How The Mortgage Interest Tax Deduction Lowers Your Payment

July 20, 2017 - 4 min read

Mortgage Deduction Does Not Help Everyone Equally

When you apply for a home loan, mortgage underwriters don’t factor in the mortgage interest tax deduction. That’s probably because not everyone takes it.

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However, you should consider it, because the tax deduction can have a huge impact on your home’s affordability.

How The Mortgage Interest Tax Deduction Works

When you deduct your mortgage interest, you save between ten and almost 40 percent of your interest costs. Note that you don’t calculate the deduction from your entire payment, just the interest.

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Because interest costs are higher in the first years of your mortgage, you get to deduct more at first, usually when you need it most.

The chart below shows tax brackets for a married couple filing jointly.

mortgage interest tax deduction

Calculating Your Savings

Here are the steps you’ll take to see what your deduction is worth.

First, look at your loan’s amortization schedule to see how much interest you’ll pay the first year.

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Suppose Mr.and Mrs. Hanson buy a house, and that’s their amortization schedule below. In Year 1, the Hansons will pay $13,401 in interest.

amortization interest paid

Savings If You Normally Take The Standard Deduction

Before they bought their home, the Hansons always took the standard deduction, which is $12,600 for a married couple filing jointly. Because their home mortgage interest deduction exceeds the standard deduction, they will want to itemize on a Schedule A instead of filing a 1040 EZ.

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In addition, the Hansons can deduct another $2,599 for other items. They would not get to write those things off without the home mortgage interest, because it’s that extra $13,401 that makes itemizing a better deal than taking the standard deduction.

So the Hansons can deduct $13,401 + $2,599, or $16,000. If the Hansons earn $100,000 a year, their tax bracket is 25 percent. Their tax savings is $16,000 * .25, or $4,000.

But Wait, There’s More

However, if the Hansons thought they were saving $4,000 a year in taxes by buying a house, they would be wrong. Before buying a home, they were already deducting $12,600. To determine their true savings, they’d have to subtract the standard deduction.

  • $16,000 - $12,600 = $3,400
  • $3,400 * .25 = $850 per year
  • $850 / 12 = $71 per month.

If the mortgage interest deduction is what allows you to itemize, you have to subtract the standard deduction to get your true savings.

If your mortgage interest plus other deductions don’t exceed your standard deduction, you should not deduct your mortgage interest, and should just take the standard deduction. In that case, the mortgage deduction will not save you any money.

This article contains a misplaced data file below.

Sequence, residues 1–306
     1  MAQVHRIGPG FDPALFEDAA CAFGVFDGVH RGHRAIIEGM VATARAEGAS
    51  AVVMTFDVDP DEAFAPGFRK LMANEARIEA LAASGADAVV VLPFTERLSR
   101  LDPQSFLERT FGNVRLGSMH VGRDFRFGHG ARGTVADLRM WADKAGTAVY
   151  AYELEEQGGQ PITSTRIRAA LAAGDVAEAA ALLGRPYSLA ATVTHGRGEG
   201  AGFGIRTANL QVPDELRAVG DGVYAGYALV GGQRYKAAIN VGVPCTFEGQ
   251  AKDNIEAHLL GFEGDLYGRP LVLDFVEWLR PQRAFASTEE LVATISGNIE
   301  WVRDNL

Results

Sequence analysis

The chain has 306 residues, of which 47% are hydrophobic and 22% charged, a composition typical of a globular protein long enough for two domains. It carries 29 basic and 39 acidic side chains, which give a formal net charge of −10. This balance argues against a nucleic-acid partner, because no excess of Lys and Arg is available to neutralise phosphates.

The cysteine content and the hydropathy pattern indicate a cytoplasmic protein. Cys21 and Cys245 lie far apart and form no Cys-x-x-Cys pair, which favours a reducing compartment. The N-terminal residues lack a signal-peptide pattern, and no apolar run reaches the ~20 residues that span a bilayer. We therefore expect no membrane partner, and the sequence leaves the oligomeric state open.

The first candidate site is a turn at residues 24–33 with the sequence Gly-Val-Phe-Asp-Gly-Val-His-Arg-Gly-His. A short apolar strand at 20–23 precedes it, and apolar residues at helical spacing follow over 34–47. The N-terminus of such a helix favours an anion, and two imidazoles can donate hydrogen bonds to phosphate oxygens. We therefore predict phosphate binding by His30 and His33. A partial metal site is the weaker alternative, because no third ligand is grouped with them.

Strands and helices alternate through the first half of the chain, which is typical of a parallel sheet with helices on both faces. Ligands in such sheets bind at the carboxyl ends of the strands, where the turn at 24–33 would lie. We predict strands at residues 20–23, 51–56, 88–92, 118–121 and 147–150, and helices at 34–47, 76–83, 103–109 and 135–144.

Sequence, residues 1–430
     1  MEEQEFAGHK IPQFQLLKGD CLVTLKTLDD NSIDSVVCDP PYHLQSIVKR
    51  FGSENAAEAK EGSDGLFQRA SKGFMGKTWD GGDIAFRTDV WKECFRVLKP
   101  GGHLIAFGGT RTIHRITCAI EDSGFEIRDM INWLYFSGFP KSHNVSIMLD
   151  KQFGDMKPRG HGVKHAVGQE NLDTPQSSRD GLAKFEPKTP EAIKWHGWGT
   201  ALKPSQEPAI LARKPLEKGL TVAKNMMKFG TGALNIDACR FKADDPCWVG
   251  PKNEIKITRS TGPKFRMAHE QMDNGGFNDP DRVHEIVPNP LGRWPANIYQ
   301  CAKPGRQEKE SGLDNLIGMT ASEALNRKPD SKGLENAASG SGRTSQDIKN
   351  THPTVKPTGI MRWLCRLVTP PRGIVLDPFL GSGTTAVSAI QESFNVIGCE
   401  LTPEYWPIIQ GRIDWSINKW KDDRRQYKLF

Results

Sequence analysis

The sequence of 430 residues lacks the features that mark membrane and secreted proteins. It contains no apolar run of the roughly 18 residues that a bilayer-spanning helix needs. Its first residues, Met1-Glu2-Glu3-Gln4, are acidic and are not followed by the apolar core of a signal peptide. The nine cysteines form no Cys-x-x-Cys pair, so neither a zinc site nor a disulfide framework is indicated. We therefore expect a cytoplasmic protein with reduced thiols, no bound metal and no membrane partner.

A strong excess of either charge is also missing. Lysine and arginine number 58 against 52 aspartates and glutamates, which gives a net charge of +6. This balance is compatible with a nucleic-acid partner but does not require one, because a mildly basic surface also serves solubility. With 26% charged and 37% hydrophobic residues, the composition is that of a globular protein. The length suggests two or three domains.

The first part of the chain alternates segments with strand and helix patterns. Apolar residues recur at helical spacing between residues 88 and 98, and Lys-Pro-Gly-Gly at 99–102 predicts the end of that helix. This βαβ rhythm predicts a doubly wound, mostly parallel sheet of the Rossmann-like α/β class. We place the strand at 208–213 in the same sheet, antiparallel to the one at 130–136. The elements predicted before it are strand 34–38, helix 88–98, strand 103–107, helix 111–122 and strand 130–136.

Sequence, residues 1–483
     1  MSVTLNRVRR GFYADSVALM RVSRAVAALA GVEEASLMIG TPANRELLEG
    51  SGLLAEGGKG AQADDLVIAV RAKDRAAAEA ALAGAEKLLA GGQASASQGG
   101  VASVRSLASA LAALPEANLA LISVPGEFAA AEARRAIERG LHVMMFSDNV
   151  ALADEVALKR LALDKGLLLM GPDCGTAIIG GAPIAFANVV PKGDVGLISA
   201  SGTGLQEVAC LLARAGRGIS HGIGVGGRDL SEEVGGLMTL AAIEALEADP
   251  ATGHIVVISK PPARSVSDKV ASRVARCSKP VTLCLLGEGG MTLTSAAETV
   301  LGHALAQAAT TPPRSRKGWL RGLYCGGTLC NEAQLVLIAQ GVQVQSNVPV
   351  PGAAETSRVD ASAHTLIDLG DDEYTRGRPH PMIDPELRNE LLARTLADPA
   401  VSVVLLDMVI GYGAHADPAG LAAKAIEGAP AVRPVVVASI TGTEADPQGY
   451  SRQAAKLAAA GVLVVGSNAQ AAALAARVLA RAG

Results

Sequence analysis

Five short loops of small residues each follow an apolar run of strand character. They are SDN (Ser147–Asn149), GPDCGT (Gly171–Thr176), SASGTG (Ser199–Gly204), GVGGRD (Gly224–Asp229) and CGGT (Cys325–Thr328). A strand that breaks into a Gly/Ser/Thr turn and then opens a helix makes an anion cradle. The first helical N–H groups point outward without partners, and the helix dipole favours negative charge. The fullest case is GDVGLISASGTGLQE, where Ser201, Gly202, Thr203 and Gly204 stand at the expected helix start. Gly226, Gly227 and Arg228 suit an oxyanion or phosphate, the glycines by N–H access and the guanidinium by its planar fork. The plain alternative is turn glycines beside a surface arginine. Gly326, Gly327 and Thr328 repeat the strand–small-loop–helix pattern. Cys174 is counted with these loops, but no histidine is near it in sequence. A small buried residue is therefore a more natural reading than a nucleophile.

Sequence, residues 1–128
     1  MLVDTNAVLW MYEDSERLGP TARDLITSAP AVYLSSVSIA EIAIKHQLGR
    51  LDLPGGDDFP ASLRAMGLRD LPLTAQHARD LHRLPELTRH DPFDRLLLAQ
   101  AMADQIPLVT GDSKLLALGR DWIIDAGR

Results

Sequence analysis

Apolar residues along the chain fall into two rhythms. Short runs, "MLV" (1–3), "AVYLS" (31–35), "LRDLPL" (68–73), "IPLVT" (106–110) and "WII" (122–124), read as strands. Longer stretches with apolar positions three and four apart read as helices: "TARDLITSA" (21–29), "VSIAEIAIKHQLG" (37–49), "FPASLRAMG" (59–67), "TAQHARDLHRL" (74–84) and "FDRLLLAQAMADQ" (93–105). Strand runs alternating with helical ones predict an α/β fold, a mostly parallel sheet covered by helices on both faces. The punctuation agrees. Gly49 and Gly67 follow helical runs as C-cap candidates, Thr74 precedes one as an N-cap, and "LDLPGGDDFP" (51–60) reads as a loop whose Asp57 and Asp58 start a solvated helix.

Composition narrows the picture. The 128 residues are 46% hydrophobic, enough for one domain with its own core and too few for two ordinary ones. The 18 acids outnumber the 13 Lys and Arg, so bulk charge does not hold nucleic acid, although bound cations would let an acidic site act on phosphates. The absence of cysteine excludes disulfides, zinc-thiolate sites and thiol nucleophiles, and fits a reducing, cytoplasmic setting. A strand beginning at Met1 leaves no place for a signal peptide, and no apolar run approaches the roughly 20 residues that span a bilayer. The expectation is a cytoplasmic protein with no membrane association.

(However, if your income is not too high, you may be able to get a tax credit instead.)

When You Itemize Without The Interest Deduction

If you have enough deductions to itemize, even without the mortgage interest, that’s a different story. In that case, you simply multiply your mortgage interest by your tax rate.

If the Reynolds family has $15,000 in Schedule A deductions, plus their home interest deduction, and they earn $200,000 a year, they would multiply $13,401 by .28, because they would be in the 28 percent bracket.

  • $13,401 * .28 = $3,752 per year
  • $3,752 / 12 = $313 per month

You can see that the mortgage interest deduction is potentially more helpful to those in higher brackets, and those who already itemize.

How To Put The Money In Your Pocket

Okay, you probably think. It’s great that I get this money back at the end of the year, but that’s not helping me pay my mortgage right now. 

It’s time to grab your latest pay stubs and make friends with this helpful IRS withholding calculator. You’ll input your income and withholding amounts, and be sure to add your estimated mortgage interest deduction.

The IRS will tell you how many exemptions to claim on your W-4. By increasing your exemptions, you’ll have less tax withheld, and more cash available to make your mortgage payments.

What Are Today’s Mortgage Rates?

The more interest you pay, the higher your mortgage interest deduction — but that’s no reason to pay any more than you have to!

You can minimize what you pay for a mortgage by contacting several competing mortgage lenders for quotes, comparing their offers and then choosing your best deal.

Gina Freeman
Authored By: Gina Freeman

The Mortgage Reports contributor

With more than 10 years in the mortgage industry, and another 10 years writing about it, Gina Freeman brings a wealth of knowledge to The Mortgage Reports as its Associate Editor. Gina works with a team of world-class real estate and finance writers to bring timely and helpful news and advice to the audience. Her specialty is helping consumers understand complex and intimidating topics.